Ladder-climbing professionals across industries and business sectors have begun looking at the rung below and seeing it with a fresh set of eyes.

Choosing to pursue and take a lower position has always been frowned upon by recruiters and hiring executives alike; however, there are legitimate reasons to take a step back at any point, and position, on the corporate ladder.

Traditionally, working mothers—especially those with school-aged children or newborns—often willingly stepped into lower positions to provide themselves flexibility and reduced stress to juggle the demands of both work and family. No one questioned the validity or sanity of a woman who decided to shelf her high heels and houndstooth suit to don a more relaxed dress code for a company with flextime, understanding leaders, and a grateful workforce happy to have a manager who cares about their personal lives when she has one of her own.

However, it’s not only new mothers who are reevaluating the potential and possibilities of stepping back. Midlife career professionals, soon-to-be retirees, and even rising stars are reconsidering their place on the ladder.

What’s the appeal? Several benefits come to mind:

  • As previously stated, stress reduction is an attractive byproduct of taking on less responsibility or a role with reduced visibility.
  • More free time to pursue personal interests, such as advanced education, artistry, or a side hustle. Studies and surveys indicate workers are happier and more likely to be engaged during the day if they are allowed, and have time, to stretch their personal reach into the great unknown.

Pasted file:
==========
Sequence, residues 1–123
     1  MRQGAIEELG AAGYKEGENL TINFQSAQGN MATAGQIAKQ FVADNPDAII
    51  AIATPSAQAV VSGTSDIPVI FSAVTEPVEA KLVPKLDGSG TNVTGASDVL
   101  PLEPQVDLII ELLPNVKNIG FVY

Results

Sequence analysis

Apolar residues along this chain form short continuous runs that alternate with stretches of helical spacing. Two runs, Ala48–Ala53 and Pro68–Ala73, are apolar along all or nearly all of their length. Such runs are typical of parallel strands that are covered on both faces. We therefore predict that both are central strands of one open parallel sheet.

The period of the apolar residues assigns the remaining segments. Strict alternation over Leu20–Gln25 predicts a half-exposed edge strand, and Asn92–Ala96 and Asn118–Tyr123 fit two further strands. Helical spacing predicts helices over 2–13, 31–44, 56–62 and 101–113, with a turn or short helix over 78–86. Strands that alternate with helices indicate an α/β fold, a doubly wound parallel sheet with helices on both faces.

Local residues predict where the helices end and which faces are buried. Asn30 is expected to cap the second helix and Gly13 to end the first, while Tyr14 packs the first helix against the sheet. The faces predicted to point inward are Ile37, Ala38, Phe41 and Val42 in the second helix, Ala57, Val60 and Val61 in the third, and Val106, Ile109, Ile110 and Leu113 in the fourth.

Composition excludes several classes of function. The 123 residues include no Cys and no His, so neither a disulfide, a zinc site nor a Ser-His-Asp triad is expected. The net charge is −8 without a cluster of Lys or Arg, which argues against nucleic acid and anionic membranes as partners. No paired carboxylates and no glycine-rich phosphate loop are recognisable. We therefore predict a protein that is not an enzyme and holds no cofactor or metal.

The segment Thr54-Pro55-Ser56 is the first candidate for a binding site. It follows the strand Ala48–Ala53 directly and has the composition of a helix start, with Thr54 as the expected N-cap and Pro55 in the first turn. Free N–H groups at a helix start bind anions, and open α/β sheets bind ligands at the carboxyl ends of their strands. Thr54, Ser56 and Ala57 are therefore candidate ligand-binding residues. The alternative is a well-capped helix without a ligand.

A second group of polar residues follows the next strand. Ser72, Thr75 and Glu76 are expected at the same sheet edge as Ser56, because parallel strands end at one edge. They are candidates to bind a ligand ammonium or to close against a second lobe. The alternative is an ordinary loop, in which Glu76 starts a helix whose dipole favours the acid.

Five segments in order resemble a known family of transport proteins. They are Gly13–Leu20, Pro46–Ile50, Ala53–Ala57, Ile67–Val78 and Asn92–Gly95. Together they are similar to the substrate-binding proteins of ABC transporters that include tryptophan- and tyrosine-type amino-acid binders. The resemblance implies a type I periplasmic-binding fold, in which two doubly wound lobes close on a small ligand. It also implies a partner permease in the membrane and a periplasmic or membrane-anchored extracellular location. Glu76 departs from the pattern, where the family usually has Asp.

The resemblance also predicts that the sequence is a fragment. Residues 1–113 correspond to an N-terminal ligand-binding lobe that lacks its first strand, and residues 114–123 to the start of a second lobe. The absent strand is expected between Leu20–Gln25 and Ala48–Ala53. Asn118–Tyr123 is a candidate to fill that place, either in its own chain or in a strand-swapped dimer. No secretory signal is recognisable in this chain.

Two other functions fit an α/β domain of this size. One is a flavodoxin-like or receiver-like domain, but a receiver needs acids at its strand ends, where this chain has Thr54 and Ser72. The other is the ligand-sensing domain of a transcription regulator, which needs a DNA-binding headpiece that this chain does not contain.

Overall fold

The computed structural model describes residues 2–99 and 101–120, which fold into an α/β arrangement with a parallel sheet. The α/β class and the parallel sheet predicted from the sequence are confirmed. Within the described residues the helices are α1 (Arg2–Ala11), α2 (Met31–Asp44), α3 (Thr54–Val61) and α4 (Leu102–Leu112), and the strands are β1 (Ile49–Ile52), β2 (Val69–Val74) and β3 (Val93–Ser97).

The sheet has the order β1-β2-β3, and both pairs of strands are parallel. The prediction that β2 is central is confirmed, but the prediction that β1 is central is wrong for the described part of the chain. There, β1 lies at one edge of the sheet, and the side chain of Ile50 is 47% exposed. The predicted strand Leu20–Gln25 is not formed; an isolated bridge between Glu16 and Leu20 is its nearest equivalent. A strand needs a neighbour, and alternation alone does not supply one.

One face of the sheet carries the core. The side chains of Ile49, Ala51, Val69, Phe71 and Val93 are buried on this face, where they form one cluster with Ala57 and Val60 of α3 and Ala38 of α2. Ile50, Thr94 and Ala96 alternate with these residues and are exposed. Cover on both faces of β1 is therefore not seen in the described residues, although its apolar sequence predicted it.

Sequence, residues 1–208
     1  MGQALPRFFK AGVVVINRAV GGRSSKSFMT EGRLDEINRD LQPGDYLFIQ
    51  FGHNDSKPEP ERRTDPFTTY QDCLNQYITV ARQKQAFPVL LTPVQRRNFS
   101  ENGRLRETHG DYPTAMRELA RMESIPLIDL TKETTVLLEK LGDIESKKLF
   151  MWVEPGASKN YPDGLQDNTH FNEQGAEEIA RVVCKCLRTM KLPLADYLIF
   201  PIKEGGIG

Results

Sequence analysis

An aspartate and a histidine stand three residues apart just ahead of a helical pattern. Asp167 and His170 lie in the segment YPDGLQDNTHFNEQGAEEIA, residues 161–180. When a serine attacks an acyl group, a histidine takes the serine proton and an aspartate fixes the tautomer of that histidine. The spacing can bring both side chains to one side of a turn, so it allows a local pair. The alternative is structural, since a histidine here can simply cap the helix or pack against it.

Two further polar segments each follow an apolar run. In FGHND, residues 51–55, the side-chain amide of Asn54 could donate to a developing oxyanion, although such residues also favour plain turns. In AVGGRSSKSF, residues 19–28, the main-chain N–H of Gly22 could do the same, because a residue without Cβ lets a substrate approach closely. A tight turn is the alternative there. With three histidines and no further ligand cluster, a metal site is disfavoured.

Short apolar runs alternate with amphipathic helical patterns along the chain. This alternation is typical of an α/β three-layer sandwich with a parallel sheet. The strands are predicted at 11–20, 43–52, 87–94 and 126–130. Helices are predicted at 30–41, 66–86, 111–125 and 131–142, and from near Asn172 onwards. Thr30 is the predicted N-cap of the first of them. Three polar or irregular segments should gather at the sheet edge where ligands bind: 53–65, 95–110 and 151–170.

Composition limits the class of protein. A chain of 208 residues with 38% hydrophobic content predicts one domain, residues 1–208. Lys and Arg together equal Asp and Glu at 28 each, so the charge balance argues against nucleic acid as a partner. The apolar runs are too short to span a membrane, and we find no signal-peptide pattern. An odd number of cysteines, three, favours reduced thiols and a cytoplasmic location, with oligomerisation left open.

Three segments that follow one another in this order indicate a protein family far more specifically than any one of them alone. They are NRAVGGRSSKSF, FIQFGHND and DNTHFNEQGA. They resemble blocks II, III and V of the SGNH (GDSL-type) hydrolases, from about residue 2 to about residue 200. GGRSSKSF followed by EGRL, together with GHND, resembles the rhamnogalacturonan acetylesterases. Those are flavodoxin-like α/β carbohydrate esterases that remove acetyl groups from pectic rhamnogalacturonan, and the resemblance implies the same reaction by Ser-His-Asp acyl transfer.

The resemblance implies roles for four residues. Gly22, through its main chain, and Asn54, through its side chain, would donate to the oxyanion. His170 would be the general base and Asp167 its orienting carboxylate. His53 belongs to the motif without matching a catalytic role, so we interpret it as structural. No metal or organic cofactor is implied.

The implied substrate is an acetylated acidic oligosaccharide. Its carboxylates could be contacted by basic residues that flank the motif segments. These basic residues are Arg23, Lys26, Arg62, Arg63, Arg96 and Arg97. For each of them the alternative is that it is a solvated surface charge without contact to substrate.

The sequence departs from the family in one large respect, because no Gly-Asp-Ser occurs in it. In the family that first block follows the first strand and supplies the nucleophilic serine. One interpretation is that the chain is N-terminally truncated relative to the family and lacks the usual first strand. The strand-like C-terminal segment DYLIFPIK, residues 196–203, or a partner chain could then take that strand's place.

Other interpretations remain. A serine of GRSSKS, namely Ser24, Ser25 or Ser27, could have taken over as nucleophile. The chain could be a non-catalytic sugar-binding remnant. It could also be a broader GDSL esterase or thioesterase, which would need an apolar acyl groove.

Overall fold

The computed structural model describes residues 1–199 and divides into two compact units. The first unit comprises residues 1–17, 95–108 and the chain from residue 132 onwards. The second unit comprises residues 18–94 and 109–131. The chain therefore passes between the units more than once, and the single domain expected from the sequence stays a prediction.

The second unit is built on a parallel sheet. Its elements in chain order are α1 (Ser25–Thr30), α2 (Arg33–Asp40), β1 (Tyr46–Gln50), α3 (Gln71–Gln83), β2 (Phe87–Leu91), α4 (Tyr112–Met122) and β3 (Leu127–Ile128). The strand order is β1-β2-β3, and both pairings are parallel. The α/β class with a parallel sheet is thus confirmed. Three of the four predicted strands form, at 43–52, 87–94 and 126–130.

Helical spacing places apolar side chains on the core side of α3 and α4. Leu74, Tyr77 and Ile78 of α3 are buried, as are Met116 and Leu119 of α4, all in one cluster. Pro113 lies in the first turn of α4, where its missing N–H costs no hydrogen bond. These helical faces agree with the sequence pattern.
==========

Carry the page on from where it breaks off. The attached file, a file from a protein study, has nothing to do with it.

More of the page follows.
• Physical and mental wellness. It goes without saying: less stress tends to result in a better chance of health and fitness because there is more time to work out; prepare delicious, wholesome meals; and get the rest a body needs to flourish.
  • Improved relationships. Think about it. All the time spent hobnobbing with the who’s who of Corporate Earth can be exhausting. Politics and bad sportsmanship aren’t only for the government and the major league. Not everyone is built for political position-jockeying, but doing a good job while staying below the radar can be done at any level.
  • Work from home. Yep, I said it. Read any business blog today and you’ll see large corporate conglomerates recalling workers back to the office. High rises and collegiate-style campuses stood empty and dormant during the pandemic. Now, executives and stockholders want a return on their real estate investments while hanging on to their local and state tax incentives for the properties they occupy.  Guess who doesn’t care about butts in seats? Consulting firms, small businesses, and even not-for-profit organizations are embracing the remote worker status. This strategy is winning them higher profile talent, burnt-out technology experts, and freedom-seeking professionals who just want to contribute to something bigger than themselves during the day so they can enjoy living a life of peace at night. The trade-off may be lower salary and a smaller title, but for some, it may be worth it.

Professional choices are as unique as the people making them. While we may be facing a recession and concerns are mounting about widespread layoffs, workers still have choices. Some of those options include the opportunity to take a step back and be blissfully underemployed.

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